Fantasy First Pitch for Week 11
Is Justin Verlander beyond benching, even in a scheduled two-start week? Our Al Melchior helps you make the most of your pitching options for the upcoming scoring period.
Usually when sifting through the borderline two-start options for the coming week, there are at least a handful of highly enticing pickups. Whether they're pitchers quietly building a hot streak or primed to capitalize on favorable matchups or venues, this column normally features a variety of hurlers capable of inspiring dreams of a winning week ahead.
Fantasy Week 11 (June 9-15) is not shaping up to be one of those weeks. Of the 12 pitchers bridging the must-start and must-avoid options, only Ryan Vogelsong has a profile or a schedule that truly engenders confidence. Even the other pitchers who populate the upper half of the borderline list have either an upcoming start or a recent track record that is close to terrifying. Marco Estrada with a home start? Oof. Jesse Chavez against the slugging Angels? Yikes. Francisco Liriano versus the strike zone? Tell me when it's safe to look.
|1. Masahiro Tanaka||at SEA, at OAK|
|2. Stephen Strasburg||at SF, at STL|
|3. David Price||vs. SEA, at HOU|
|4. Madison Bumgarner||vs. WAS, vs. COL|
|5. Hisashi Iwakuma||vs. NYY, vs. TEX|
|6. Corey Kluber||at KC, at BOS|
|7. Garrett Richards||vs. OAK, at ATL|
|8. Doug Fister||at SF, at STL|
|9. Mike Minor||at COL, vs. LAA|
|10. Ian Kennedy||at PHI, at NYM|
Yet each of these pitchers has something going for him, so if you're the type of owner who likes to load up on starts, there's upside to be had here. If you prefer to play it safe, you just might want to stick with your one-start pitchers rather than pull one of this week's borderline options off your bench or your league's waiver wire.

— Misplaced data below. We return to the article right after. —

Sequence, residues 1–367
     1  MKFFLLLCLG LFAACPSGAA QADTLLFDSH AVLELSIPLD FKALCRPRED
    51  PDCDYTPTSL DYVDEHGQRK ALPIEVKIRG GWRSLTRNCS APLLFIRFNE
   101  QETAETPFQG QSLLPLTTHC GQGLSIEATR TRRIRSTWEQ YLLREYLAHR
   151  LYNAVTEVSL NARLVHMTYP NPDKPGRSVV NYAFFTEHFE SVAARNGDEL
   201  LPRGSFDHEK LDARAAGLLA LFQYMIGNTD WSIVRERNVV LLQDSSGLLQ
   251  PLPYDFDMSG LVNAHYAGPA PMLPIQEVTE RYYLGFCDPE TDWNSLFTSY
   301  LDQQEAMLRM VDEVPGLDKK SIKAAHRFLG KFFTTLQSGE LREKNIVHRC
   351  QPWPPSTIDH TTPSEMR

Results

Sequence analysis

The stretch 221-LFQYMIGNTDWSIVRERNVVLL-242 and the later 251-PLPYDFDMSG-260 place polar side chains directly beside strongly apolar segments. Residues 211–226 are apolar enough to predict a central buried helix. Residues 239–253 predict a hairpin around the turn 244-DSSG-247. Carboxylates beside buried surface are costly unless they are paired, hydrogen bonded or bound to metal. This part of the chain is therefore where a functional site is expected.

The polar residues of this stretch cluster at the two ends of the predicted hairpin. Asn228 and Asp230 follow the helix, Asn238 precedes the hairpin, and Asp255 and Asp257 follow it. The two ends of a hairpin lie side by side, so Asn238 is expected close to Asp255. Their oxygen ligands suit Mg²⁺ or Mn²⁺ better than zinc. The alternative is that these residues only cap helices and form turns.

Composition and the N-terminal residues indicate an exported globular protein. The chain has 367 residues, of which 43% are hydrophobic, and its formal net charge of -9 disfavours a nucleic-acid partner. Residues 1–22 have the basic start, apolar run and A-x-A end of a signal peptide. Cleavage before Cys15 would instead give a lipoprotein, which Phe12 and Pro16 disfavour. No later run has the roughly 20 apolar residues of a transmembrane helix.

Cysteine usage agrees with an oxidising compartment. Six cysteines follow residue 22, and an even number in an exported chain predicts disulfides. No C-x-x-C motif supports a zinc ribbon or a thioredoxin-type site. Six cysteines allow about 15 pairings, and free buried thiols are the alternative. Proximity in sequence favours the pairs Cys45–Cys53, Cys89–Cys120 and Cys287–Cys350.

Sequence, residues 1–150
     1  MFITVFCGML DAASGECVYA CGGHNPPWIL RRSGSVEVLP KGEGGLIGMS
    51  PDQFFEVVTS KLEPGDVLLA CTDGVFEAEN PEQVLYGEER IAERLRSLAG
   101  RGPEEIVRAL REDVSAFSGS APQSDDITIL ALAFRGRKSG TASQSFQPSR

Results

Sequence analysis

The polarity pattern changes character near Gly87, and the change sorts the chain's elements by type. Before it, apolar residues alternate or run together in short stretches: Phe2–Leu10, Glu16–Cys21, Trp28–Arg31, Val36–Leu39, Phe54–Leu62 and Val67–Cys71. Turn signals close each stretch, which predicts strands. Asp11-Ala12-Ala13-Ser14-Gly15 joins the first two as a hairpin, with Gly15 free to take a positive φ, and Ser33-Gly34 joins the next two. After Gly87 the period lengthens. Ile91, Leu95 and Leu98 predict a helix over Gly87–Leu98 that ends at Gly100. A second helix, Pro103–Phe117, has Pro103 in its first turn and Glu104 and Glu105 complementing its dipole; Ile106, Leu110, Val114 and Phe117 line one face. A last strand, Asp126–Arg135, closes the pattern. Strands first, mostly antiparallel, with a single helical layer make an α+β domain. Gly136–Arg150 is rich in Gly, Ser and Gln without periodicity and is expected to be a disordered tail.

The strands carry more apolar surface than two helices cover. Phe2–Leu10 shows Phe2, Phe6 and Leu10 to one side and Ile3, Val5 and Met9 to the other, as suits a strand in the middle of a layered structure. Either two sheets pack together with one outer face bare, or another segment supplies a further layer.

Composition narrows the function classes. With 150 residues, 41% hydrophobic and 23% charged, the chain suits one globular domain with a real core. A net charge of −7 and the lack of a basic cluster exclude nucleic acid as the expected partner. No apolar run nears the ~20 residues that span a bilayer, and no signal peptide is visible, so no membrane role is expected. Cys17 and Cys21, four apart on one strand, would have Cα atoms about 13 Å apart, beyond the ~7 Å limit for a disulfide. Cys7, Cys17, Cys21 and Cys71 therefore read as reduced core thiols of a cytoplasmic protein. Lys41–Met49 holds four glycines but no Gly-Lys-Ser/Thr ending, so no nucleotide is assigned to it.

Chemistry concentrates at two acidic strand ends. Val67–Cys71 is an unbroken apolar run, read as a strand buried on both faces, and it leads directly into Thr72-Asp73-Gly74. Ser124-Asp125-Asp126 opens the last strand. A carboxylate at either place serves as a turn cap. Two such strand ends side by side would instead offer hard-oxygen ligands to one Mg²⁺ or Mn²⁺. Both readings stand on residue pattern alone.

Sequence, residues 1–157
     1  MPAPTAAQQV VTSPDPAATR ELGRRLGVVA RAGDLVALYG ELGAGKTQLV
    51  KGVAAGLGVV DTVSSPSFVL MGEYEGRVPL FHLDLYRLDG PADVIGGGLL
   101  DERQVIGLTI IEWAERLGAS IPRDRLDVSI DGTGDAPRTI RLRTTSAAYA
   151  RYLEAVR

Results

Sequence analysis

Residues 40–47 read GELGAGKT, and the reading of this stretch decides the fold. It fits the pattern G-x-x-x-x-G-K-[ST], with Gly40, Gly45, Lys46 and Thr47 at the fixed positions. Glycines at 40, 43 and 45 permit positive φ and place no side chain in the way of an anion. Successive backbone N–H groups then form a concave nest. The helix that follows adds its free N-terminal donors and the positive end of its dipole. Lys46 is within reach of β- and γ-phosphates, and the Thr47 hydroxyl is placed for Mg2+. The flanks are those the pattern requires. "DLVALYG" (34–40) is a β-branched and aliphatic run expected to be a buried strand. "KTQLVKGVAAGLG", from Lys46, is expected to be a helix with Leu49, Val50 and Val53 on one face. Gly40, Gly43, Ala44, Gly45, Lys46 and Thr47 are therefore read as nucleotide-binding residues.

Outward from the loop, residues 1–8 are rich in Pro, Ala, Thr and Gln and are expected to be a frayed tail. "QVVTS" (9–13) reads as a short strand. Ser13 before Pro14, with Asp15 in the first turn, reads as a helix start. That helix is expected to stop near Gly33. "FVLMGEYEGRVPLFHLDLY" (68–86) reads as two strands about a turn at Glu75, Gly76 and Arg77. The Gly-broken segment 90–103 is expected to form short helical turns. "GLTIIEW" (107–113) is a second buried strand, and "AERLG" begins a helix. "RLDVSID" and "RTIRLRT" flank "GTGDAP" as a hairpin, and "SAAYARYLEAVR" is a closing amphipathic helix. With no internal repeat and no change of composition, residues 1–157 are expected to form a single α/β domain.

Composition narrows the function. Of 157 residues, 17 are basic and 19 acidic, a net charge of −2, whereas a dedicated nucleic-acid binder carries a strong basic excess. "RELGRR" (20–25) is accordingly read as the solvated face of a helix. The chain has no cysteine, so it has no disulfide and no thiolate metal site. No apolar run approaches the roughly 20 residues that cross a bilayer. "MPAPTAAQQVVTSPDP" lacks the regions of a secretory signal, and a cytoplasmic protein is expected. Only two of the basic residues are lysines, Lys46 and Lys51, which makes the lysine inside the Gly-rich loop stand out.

A few lucky owners may be able to pluck a quality one-start pitcher from their DL slots. Gio Gonzalez (shoulder) could return as soon as Wednesday, while Mat Latos (forearm) and Taijuan Walker (shoulder) have a chance to rejoin their team's rotations next weekend. The chances for Latos at this point look much better than those for Walker, and unless he slides into Tony Cingrani's slot in the rotation, his return could mean one start for Mike Leake this week instead of two.
Deeper league owners may have a reason to active Zach McAllister (back), as he may need just one more rehab start before returning for the Indians. Should McAllister make the June 15 start at the Red Sox, it could rob Corey Kluber of a second start in Week 11.
Monday update: With the Pirates' loss of Gerrit Cole (shoulder) to the 15-day disabled list, Charlie Morton inherits a two-start week and extends this week's list of borderline two-start options to 13 pitchers. Christian Bergman is set to make his major league debut for the Rockies on Monday, and if he fares well against the Braves, he should earn a second Week 11 start at the Giants. That makes Bergman someone to consider in NL-only leagues.
Assuming all goes well for Latos in a Monday rehab start, he should make a start for the Reds this weekend at the Brewers. That means that, in all likelihood, Cingrani's days in the Reds' rotation are numbered. Specifically, that number is "one," as Monday's tilt against the Dodgers could be Cingrani's last start for the Reds for awhile. McAllister also appears primed to make a weekend start for the Indians, so Kluber owners should not count on a two-start week.